13. And really, really last, one final thought: The word poor and poorer get tossed around an awful lot on some frugal and retirement blogs. While many of us live on less than we thought, and some of us are true fixed income retirees, the people I know who blog and write and talk on this topic are not broke. If you can afford to go to a thrift shop or consignment store,  you are not poor. Poor seniors cannot afford clothing except that which is given to them. The fact that you have to eat at home does not make you poor. Poor retirees go to the senior center at for free lunch, realizing that may be their only meal. If that person is not you, then you are not "poor". Simple, yes?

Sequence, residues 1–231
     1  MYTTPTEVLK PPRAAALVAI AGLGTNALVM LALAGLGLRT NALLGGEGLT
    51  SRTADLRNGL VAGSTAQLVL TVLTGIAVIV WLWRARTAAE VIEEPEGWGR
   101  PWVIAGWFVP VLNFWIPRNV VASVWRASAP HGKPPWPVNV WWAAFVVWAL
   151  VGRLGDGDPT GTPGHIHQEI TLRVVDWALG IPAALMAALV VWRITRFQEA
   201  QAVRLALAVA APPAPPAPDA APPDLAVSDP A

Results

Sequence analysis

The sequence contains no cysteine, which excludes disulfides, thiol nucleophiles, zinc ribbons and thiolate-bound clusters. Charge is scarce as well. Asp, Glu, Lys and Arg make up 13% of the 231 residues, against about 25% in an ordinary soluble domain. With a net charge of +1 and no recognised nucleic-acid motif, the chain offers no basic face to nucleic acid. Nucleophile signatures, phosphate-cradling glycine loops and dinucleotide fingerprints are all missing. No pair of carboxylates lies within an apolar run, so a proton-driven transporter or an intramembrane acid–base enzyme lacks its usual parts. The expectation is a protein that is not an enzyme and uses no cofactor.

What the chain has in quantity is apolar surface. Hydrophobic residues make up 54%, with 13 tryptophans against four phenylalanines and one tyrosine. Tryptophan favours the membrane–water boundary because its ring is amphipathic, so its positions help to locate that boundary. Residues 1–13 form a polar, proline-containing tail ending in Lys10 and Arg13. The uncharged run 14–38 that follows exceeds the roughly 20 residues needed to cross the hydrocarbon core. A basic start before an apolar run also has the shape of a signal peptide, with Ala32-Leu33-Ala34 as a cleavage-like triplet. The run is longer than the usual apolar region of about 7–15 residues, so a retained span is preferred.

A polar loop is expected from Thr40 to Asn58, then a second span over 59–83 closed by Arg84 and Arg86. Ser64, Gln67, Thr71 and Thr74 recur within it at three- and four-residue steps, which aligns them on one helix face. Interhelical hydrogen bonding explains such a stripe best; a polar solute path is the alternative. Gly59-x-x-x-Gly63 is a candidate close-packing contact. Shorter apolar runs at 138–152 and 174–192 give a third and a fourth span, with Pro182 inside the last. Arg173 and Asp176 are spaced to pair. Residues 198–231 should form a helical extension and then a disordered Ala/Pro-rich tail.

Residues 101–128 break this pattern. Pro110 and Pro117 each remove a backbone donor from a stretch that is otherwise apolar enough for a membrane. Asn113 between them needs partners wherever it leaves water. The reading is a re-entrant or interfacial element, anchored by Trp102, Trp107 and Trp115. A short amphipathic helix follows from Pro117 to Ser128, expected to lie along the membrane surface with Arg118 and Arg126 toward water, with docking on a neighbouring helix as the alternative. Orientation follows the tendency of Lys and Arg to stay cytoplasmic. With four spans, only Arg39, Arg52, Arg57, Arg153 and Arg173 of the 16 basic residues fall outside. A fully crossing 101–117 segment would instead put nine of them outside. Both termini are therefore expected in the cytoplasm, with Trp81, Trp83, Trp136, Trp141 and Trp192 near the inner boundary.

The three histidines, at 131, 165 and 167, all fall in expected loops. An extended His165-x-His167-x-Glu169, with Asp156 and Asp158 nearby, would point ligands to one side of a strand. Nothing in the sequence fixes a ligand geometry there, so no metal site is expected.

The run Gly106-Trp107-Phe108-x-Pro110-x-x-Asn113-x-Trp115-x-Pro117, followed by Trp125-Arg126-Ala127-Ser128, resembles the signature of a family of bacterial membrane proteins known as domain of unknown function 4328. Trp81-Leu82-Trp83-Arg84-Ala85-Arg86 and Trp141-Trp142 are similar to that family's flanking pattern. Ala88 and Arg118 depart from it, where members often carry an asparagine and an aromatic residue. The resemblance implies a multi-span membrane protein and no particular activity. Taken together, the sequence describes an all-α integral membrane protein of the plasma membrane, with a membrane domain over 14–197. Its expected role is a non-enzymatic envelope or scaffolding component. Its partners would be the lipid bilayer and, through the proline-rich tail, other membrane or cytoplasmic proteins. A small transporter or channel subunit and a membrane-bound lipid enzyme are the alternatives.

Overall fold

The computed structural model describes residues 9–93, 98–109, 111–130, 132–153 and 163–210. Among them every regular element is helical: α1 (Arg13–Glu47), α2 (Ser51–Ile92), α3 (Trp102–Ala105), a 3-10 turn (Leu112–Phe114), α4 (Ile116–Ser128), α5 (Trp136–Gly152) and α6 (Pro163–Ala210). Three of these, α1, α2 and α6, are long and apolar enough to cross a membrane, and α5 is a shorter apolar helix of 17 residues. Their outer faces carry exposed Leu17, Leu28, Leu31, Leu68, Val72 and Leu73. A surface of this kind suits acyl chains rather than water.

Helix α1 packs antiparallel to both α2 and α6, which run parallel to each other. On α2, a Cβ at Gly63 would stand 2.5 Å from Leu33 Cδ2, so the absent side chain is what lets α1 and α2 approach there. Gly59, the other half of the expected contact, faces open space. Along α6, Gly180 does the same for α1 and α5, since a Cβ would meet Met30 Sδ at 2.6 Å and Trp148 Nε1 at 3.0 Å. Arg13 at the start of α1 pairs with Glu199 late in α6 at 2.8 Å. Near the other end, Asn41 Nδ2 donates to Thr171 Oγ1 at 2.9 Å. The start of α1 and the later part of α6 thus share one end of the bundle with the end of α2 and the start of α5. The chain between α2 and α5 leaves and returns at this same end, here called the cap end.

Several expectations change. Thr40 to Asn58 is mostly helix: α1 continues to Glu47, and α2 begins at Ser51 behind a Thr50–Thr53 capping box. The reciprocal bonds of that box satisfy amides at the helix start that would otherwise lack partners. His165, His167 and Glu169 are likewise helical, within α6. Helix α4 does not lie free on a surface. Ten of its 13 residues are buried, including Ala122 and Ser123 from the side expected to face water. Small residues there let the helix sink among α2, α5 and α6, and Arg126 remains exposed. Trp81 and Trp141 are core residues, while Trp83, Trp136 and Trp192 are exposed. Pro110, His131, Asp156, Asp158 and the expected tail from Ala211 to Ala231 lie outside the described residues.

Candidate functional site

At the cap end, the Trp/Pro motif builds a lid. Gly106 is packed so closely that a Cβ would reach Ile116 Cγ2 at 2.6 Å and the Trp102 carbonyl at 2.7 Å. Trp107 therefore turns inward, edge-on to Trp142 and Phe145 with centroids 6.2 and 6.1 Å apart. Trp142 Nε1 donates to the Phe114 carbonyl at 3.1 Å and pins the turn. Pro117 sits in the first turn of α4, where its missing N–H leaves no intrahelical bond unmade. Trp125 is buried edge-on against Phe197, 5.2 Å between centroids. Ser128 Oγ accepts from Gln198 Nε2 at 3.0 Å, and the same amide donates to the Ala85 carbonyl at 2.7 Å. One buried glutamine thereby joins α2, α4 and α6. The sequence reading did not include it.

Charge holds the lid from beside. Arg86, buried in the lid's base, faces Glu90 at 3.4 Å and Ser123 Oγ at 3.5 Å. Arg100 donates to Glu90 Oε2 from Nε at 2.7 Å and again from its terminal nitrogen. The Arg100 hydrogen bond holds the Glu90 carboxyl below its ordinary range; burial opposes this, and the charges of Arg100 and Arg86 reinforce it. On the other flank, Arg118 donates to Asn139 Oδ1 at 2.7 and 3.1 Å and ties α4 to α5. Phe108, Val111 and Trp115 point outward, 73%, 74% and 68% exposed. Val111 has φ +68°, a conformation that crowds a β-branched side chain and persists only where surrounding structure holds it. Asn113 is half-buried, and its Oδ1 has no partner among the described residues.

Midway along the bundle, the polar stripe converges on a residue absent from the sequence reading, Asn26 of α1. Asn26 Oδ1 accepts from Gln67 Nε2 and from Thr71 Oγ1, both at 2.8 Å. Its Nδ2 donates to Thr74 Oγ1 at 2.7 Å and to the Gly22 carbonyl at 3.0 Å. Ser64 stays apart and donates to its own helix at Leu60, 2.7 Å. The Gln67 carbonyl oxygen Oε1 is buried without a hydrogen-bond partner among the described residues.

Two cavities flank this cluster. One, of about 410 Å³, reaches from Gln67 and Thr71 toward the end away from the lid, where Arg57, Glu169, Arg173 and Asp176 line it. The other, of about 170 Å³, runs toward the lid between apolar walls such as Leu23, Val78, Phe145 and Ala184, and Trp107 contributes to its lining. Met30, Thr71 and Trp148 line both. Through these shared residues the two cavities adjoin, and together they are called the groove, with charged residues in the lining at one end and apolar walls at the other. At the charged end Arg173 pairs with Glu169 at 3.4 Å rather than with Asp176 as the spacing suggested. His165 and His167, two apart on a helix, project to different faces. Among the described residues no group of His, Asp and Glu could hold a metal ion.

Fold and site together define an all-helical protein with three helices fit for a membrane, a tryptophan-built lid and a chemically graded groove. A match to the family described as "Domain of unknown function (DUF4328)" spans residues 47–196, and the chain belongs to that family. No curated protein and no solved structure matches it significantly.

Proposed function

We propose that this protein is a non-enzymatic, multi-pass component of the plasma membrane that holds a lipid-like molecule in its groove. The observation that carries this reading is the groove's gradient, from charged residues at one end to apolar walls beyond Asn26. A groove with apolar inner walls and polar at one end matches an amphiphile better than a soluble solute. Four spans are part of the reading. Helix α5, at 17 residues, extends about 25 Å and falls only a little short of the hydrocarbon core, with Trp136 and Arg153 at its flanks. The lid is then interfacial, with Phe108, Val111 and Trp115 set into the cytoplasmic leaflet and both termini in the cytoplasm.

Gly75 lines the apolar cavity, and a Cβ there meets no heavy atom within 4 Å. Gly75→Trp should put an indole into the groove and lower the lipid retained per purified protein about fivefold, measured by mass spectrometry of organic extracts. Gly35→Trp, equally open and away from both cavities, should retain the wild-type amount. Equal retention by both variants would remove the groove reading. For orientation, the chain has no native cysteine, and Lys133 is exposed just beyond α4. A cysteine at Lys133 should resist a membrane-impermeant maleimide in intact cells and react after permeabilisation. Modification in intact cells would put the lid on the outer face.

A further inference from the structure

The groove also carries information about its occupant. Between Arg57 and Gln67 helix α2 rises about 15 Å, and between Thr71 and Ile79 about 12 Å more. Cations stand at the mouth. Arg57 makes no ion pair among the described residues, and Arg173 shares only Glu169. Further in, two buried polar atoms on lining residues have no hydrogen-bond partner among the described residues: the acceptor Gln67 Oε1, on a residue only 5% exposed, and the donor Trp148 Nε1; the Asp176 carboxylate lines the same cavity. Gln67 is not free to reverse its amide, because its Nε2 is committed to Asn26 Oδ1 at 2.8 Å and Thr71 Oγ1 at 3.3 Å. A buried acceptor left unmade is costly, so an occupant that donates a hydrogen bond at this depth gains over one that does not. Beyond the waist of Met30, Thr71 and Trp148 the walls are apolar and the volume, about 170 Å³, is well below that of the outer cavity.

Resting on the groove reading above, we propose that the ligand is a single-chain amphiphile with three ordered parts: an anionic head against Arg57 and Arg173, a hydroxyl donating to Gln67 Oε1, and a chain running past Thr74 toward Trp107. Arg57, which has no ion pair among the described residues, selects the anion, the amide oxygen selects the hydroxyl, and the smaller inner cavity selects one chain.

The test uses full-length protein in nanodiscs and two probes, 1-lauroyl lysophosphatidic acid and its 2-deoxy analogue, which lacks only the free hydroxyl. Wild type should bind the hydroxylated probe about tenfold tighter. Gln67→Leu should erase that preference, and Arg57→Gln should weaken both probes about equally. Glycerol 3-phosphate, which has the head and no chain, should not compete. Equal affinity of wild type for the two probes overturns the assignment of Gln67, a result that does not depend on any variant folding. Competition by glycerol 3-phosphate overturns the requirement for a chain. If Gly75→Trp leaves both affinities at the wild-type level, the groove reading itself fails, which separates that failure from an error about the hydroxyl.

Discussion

And there you have it. My unscientific, one size does not fit all, advise for saving money in retirement.  These are not rules, but rather (as they say in Pirates of the Caribbean), just general guidelines.  Use them or not, as you see fit!

What about you, do you have any out of the box tips for saving money (in retirement, or any other time)???